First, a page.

“I wish I could have written Babbitt” – H.G. Wells
Babbitt is an oddity for me: not only because it’s literary fiction, and social realism at that, but also because it doesn’t really need a review. It’s one of the iconic works of the 20th century. Its title became a common noun – you can still find it in dictionaries – and a word that symbolised one of the great social divides of the 1920s and 1930s. Babbitt was a bestseller: the tenth-best-selling book of 1922, and the fourth-best-selling book of 1923. It was one of five top-ten bestsellers by Lewis that decade, the most by any author of that era (tied with Zane Grey). Two of those novels hit number one, and another hit number two. Meanwhile, in 1930, Lewis became the first American to be awarded the Nobel Prize in Literature; Babbitt was widely considered to be the book that won it for him.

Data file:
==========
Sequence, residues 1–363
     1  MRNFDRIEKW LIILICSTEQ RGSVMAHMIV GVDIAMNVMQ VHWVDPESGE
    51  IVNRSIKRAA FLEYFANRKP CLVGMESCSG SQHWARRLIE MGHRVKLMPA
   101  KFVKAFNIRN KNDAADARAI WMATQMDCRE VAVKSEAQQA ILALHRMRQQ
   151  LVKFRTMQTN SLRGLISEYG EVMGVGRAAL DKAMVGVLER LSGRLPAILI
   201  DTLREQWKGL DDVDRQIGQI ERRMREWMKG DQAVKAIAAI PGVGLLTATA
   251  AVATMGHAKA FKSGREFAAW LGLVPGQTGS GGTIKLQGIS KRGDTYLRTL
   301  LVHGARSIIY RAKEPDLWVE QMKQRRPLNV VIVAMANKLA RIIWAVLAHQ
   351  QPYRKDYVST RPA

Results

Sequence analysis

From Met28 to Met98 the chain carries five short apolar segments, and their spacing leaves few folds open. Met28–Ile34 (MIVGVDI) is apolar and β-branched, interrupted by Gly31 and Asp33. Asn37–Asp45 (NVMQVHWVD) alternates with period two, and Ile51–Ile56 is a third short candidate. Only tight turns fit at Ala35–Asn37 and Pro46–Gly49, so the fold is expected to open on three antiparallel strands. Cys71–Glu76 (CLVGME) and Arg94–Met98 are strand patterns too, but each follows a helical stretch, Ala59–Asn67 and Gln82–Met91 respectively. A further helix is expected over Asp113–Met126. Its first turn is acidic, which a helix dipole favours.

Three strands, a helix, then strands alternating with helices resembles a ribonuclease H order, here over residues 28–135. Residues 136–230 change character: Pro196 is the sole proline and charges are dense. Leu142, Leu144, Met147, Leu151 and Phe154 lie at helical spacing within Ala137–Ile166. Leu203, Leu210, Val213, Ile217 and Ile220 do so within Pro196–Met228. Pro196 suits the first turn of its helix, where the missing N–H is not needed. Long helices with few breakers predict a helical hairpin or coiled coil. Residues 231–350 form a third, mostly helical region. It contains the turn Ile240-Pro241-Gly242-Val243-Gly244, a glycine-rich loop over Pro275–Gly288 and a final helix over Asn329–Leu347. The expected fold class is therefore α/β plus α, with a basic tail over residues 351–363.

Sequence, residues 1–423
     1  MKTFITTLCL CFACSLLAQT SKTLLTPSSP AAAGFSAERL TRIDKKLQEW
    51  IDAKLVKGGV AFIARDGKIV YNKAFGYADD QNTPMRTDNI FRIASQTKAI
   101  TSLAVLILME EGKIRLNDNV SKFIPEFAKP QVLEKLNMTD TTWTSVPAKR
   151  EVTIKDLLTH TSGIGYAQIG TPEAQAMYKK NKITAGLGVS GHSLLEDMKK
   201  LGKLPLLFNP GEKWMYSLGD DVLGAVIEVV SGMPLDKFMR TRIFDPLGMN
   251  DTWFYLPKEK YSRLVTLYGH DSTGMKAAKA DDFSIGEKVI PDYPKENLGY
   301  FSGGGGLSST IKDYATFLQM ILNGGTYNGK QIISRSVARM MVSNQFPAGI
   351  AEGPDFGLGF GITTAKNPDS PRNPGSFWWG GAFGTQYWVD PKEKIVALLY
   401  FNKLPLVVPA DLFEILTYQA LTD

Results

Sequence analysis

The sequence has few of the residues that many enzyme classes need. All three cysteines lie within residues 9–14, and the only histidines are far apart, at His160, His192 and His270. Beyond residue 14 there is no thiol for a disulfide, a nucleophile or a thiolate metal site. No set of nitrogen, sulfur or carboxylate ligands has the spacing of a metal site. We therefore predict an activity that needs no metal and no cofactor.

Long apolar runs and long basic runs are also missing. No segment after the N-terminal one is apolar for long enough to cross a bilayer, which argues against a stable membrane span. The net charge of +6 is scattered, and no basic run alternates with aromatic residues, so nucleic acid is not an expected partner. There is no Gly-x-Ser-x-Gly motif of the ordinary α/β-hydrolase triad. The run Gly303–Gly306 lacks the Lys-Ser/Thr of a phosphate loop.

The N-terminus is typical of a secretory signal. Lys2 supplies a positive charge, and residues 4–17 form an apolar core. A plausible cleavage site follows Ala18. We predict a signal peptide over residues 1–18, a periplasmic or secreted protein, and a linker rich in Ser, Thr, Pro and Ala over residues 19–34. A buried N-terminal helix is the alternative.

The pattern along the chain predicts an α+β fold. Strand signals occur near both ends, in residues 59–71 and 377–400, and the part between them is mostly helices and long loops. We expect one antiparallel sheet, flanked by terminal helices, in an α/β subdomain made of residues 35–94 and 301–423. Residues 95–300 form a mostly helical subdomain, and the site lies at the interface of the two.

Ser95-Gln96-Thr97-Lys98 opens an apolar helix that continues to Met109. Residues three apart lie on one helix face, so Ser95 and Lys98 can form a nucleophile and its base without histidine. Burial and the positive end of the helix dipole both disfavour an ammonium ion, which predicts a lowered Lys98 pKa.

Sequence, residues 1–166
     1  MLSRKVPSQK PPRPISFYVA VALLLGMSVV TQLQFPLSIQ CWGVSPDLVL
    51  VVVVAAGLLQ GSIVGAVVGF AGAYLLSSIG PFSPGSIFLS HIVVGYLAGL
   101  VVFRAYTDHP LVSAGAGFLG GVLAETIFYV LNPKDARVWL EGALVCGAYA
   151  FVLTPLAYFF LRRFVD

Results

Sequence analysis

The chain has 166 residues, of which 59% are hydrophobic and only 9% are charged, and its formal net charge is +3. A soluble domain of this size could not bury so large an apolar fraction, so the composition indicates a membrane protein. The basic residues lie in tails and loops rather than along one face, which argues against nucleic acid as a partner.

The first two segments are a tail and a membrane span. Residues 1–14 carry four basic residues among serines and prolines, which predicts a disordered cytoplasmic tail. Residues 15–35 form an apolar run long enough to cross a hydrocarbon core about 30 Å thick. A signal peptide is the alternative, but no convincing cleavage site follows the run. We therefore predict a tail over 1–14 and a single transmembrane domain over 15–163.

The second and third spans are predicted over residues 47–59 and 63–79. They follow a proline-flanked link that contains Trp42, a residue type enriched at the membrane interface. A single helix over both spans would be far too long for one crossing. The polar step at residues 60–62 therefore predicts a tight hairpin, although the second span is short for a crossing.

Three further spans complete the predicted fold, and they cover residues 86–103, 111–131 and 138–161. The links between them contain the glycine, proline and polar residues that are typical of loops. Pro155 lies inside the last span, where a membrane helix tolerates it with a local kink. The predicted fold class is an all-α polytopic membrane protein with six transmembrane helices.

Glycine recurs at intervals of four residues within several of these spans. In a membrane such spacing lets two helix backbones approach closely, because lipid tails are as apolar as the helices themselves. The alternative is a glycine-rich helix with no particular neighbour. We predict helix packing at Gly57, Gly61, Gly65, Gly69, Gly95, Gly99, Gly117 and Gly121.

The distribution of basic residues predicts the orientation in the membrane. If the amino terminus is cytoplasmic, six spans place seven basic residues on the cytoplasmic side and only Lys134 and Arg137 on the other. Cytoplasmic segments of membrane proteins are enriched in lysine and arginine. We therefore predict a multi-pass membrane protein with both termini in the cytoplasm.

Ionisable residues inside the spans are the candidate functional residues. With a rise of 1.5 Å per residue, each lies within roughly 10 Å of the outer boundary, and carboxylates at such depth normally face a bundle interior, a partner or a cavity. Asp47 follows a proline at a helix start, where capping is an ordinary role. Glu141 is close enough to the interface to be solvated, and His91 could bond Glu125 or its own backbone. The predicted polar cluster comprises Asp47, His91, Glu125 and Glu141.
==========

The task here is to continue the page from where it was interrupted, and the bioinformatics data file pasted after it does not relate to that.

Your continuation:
To summarise what Lewis meant in the 1920s, perhaps imagine that Tom Clancy (who, like Lewis, had two number-one bestsellers) and Gabriel García Márquez (who, like Lewis, was a Nobel laureate) were the same person. Or perhaps, given the political nature of Lewis’ writing, a better combination would be Dan Brown (two bestsellers) and Harold Pinter (Nobel laureate).
In other words, you don’t need my review on this one. If you have any interest in literature, whether for historical or for artistic purposes, Babbitt should already be on your to-read list.
But since I’ve read it, I may as well say a few words for those who haven’t read it yet… Continue reading